Bigger Than the Game

Bigger Than the Game: Dirk Hayhurst’s latest, bravest and most emotionally moving book yet


Dirk Hayhurst has a new book out. It’s his third. The first was about life in the minors. The second was about breaking into the bigs. This one — called Bigger Than the Game — is about the life of an injured and then re-habbing pitcher who, whether he knew it or not, was soon to be out of baseball altogether.

While one might feel that the drama of breaking into the game and hitting the bigs would be the greatest, Bigger Than the Game is easily the most emotionally affecting of Hayhurst’s books. Part of that is because we know so much about him now through his other books and TV and radio appearances or, if we’re lucky enough, because we’ve met him in person. His struggles mean more now than when he was just an oddity of a minor leaguer telling us interesting anecdotes from the inside. As I read Bigger Than the Game I knew what would happen to Hayhurst. Where his life would take him between the time of the events he was describing in the book and the present day. It made every moment on the operating table, in rehab and in the clubhouse seem so much more significant, And, at times, so much sadder.

Not that it’s a dreary read by any means. Hayhurst, for everything he went through in his childhood and his baseball journey, is nothing if not an optimist. And a good-humored one at that. He is able to find laughs and the brighter side of some very dark things on a pretty consistent basis. His teammates in Toronto may not have treated him well when he was trying to come back from his visits to Dr. Andrews, but Hayhurst usually has the last laugh. Or, if not a laugh, a positive and reflective insight to it all. He has constantly landed on his feet and you don’t doubt that he always will. And, best of all for us, he’ll tell us a lot of neat stories about things in baseball we can’t possibly know first hand as he stands back up again.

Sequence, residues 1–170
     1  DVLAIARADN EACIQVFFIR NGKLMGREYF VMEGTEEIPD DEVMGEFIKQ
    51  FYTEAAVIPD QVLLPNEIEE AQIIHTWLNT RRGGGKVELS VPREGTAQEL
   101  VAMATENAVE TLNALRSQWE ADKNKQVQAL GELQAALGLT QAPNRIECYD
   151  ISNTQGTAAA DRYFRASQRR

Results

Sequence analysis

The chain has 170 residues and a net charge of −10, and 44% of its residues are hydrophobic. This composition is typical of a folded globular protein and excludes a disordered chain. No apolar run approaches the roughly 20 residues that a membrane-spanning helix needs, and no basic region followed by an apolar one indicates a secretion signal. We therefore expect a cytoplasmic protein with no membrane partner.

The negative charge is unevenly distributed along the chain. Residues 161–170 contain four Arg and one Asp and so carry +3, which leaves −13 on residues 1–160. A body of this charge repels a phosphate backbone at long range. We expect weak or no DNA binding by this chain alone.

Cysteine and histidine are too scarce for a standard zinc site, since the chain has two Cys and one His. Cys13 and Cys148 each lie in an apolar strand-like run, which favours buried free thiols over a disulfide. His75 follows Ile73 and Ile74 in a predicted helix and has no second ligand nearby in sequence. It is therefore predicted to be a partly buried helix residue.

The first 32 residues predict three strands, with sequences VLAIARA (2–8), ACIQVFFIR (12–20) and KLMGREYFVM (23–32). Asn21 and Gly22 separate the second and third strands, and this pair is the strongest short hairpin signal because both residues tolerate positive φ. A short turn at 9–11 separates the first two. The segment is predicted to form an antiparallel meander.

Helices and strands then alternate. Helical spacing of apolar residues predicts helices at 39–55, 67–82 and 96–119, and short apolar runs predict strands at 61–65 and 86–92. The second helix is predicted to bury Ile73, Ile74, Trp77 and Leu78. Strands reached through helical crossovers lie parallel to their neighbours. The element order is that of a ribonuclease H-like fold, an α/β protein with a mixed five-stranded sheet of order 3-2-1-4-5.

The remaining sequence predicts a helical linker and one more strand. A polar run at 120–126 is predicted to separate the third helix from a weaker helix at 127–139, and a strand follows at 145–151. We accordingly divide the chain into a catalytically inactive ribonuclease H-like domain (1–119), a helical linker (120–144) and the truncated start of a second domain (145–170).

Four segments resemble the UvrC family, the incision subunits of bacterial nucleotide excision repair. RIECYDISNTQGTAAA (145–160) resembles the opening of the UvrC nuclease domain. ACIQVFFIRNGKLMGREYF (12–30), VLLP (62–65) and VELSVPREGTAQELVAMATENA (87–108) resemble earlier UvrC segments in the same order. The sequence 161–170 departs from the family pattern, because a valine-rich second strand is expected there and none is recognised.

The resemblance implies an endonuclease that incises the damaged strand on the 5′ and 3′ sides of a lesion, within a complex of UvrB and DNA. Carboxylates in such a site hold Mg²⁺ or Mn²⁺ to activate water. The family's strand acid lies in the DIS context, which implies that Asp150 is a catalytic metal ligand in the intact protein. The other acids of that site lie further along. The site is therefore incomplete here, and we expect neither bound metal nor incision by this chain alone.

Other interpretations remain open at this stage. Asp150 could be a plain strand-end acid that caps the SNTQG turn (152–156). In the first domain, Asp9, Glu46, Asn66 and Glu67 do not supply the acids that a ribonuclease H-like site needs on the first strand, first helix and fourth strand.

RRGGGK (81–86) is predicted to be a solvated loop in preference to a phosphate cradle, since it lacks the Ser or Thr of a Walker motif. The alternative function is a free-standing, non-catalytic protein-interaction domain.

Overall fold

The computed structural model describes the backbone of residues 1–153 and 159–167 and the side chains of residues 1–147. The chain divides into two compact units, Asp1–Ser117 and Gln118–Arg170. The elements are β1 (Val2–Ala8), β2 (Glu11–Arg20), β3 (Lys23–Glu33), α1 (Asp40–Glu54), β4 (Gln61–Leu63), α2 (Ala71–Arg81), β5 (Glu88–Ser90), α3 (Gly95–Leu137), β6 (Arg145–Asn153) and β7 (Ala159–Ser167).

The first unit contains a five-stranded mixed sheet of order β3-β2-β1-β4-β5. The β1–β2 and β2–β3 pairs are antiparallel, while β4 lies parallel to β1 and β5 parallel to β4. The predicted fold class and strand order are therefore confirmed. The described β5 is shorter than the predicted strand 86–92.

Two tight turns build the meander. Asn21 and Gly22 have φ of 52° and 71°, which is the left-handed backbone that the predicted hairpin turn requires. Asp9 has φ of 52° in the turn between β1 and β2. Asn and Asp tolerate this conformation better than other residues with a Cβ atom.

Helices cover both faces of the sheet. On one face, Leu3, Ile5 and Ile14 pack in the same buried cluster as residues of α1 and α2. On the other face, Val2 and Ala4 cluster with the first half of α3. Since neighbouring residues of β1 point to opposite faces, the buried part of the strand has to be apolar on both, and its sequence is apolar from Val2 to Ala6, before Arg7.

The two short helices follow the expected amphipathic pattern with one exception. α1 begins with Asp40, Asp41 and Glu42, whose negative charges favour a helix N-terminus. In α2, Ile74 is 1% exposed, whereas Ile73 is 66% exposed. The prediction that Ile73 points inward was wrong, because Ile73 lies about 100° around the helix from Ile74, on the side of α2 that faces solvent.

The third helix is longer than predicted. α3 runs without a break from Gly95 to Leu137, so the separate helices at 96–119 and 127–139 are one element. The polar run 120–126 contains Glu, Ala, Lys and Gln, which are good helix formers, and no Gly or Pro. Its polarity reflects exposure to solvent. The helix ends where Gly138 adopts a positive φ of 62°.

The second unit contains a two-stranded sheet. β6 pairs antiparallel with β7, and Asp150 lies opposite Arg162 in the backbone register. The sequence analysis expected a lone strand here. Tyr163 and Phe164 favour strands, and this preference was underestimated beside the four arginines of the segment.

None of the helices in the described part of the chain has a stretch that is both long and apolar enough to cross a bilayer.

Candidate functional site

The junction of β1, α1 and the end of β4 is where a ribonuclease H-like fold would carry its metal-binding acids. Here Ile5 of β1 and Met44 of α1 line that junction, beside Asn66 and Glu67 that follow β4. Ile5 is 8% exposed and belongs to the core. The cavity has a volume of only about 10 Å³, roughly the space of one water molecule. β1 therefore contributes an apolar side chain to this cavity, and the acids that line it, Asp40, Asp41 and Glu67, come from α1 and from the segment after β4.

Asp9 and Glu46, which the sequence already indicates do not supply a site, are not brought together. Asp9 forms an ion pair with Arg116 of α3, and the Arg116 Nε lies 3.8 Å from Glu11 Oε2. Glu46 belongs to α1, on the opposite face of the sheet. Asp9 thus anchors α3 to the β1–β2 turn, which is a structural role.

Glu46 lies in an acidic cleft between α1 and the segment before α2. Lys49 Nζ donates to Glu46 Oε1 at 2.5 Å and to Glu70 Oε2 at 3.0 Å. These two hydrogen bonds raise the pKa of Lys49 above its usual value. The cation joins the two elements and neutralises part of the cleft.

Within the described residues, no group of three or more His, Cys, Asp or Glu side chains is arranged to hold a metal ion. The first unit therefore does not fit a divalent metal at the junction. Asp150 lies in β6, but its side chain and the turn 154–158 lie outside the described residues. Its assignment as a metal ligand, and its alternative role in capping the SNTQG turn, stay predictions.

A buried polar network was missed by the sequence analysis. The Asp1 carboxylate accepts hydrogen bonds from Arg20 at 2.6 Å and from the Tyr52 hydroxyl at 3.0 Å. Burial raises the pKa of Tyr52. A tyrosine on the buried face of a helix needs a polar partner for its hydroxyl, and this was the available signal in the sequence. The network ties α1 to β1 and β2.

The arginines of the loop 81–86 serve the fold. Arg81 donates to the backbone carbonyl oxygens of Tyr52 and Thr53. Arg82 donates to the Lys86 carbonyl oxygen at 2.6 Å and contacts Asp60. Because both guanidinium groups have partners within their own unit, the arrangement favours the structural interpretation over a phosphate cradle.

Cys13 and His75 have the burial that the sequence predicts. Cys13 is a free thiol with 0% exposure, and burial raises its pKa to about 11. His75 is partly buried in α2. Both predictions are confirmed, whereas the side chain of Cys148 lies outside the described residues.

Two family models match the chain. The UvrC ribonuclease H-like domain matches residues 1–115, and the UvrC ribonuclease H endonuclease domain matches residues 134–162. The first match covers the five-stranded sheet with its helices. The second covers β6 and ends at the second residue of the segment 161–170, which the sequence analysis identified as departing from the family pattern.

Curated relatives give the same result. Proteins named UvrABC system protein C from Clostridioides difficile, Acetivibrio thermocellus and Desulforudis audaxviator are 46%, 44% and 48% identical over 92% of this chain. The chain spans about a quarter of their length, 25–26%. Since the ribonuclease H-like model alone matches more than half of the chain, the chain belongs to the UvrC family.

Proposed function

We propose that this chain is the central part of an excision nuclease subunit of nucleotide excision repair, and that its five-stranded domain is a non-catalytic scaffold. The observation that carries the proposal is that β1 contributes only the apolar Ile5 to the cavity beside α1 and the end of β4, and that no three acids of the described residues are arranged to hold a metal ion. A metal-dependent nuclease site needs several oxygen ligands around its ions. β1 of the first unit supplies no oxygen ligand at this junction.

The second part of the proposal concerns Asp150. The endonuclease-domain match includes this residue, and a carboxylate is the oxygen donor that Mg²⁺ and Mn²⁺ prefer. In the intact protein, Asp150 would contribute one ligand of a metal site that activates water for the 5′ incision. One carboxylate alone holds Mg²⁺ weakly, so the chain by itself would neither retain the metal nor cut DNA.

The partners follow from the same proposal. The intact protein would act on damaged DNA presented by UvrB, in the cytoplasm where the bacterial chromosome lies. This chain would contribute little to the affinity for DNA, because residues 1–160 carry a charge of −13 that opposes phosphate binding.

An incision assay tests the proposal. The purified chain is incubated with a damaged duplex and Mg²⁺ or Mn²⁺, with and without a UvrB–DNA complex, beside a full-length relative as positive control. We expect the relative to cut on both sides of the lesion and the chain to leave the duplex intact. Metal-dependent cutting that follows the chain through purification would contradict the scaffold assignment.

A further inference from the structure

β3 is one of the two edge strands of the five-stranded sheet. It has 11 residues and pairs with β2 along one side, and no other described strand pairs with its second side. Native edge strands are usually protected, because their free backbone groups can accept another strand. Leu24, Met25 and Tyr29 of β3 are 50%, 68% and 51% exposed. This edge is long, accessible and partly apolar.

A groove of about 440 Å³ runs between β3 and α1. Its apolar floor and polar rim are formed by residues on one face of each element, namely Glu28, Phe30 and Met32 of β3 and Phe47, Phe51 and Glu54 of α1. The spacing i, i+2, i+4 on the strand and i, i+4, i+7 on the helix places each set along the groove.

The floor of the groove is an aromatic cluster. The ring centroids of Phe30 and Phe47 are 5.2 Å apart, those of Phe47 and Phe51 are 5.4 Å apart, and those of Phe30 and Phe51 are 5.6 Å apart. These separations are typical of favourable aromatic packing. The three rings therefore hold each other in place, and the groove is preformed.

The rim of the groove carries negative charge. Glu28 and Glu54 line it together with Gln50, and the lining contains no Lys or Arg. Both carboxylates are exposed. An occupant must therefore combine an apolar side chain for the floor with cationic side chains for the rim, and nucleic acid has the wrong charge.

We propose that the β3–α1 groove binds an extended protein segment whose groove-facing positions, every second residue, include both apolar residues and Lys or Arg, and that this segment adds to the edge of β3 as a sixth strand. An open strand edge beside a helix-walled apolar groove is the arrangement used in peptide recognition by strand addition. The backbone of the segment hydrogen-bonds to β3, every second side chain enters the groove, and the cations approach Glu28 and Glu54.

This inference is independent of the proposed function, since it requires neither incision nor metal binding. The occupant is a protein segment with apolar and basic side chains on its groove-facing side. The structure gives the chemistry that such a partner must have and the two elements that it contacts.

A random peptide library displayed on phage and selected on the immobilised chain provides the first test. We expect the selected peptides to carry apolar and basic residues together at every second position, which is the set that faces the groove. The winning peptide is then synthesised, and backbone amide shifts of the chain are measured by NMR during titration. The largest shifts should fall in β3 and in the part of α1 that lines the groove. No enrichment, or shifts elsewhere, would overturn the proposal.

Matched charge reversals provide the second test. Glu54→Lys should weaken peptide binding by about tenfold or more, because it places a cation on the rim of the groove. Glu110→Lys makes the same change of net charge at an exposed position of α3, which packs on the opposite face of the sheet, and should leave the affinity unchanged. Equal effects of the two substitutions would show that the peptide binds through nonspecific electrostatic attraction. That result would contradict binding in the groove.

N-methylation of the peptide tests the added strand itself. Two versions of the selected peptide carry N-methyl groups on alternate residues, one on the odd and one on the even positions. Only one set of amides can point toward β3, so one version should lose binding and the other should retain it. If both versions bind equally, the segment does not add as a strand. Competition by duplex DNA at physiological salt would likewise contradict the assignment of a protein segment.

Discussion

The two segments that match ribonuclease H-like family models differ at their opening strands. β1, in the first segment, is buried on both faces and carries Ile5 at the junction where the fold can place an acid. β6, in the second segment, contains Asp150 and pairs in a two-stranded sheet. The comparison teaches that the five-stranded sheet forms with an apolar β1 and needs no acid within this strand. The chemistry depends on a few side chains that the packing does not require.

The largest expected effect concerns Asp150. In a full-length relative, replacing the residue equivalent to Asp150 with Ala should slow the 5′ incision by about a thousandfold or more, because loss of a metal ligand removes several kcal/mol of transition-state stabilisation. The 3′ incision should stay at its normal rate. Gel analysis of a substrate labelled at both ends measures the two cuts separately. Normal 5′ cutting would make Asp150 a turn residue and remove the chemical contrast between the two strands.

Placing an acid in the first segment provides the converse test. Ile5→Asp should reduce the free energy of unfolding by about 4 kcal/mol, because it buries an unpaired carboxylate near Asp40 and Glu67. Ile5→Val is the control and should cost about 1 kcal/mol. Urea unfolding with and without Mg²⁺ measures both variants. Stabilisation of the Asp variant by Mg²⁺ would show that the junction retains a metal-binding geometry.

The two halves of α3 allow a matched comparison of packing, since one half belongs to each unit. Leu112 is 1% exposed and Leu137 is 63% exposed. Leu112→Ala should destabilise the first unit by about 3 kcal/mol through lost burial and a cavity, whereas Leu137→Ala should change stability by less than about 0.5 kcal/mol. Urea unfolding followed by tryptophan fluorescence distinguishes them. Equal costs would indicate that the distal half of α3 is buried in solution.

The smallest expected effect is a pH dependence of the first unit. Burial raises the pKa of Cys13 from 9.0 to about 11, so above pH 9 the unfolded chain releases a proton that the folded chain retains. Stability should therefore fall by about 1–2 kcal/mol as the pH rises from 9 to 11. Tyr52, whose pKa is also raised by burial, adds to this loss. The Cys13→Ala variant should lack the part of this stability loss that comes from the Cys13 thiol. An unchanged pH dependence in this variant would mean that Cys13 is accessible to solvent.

There are some weighty issues raised by Bigger Than the Game. Drug abuse. The stigma attached to a player reaching out for psychological help. Locker room bullying. The isolation a player can feel when he’s neither part of a team nor home with his family. Any of these may be tough to get through in someone else’s hands. But we’ve come so far with Hayhurst by now. We trust him and his voice. He’s a wonderful guide through this thorny thicket. And he continues to be one of the bravest writers to ever wear a baseball uniform.